April love: We smile. We fight.


These are the smiles of sisters.

Of women who have stuck together for 22 years.

These are the smiles of two people who have been mistaken for twins more times than I can count, though in all honesty I still don’t see it.

Behind these smiles are more laughing fits, creative thoughts, and defeated tears than anyone can count.

These smiles shine, however small, in the midst of ongoing physical pain that the medical world doesn’t seem to have a place for. But no matter what, we know that our iron wills can’t be touched by whatever storm our bodies decide to deal out on a particular day.

These smiles haven’t always come so abundantly or easily. They’ve made it through years of scrutiny; of believing our noses are too weird or skin too spotted or lips too small. Of being told by fellow girls that there was just something wrong there, that for whatever reason, we didn’t belong.

Does anyone come out of those years unscathed?

Now we know what the beauty narrative doesn’t: that at the end of the day, it doesn’t matter if you put on makeup and a red dress or if you slapped on a hat and ripped-up jeans over unwashed hair and unshaved legs. Neither make you more or less of a woman. Neither change who you are inside.

These smiles have made it though times of undue attention, of whispers behind the hands of insecure teenage boys and cat-calls on the streets near our college. They’ve made it through boys who want ownership when they should show respect, make fun when they should say “I’m sorry,” exhibit anger when they can’t understand that “it’s over” means that yes, it’s really over.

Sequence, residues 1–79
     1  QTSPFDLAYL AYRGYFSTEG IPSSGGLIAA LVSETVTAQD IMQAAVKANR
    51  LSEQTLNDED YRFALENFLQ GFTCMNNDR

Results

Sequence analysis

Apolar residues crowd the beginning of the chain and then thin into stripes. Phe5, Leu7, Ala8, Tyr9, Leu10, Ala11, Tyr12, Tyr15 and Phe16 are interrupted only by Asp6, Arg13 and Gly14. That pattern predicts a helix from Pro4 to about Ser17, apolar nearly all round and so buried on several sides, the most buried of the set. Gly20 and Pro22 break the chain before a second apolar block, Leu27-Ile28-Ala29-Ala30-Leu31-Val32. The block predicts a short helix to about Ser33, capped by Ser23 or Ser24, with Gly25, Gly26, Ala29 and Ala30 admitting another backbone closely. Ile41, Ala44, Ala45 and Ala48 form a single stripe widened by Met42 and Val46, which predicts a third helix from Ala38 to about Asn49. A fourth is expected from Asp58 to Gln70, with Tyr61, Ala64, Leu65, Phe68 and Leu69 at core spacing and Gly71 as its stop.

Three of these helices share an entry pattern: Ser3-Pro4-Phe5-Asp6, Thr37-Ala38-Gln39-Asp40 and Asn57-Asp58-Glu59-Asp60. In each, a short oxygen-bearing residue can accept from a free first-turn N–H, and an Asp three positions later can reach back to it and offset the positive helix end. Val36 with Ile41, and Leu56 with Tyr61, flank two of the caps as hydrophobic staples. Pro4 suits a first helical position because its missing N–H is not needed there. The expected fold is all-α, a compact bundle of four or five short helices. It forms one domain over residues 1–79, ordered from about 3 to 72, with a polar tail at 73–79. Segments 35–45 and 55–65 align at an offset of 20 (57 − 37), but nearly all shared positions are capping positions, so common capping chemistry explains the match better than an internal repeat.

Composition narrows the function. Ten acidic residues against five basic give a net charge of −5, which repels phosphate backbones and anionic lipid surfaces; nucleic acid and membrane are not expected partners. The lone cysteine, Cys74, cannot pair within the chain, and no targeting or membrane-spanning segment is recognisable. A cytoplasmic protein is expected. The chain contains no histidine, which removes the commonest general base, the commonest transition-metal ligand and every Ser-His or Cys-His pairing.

We learned a lot from those times, I suppose. And now we cherish the gifts of respect, maturity, and thoughtfulness in the men we’re with today.

My sister is beautiful, in every sense. She’s been through more than I can say, more than I even realized at the time. Some days I wish I could go back and love her a bit louder than I did. All days I’m grateful for who she is and how she’s using her voice to make some right in a world that sometimes seems only skin-deep.

These smiles haven’t come free. Keeping them has been a fight. These women have been through hell, but they’ve seen heaven too. There’s far more on the road ahead, but if there’s anything I know, it’s that they will stick together, and will keep on smiling.

These are the smiles of women who have stuck together for 22 years.

These are the smiles of sisters.


This is a video my sister made, in which she speaks out about her struggles with bullying and self-image. I think everyone should listen to it. Your words matter. Be kind.

4 thoughts on “April love: We smile. We fight.

  1. Pacha blessing on you both. Your words, both those written and those spoken, are as important as they are deep. I am glad that you have made others know your pains and your joys. I’m proud of you.

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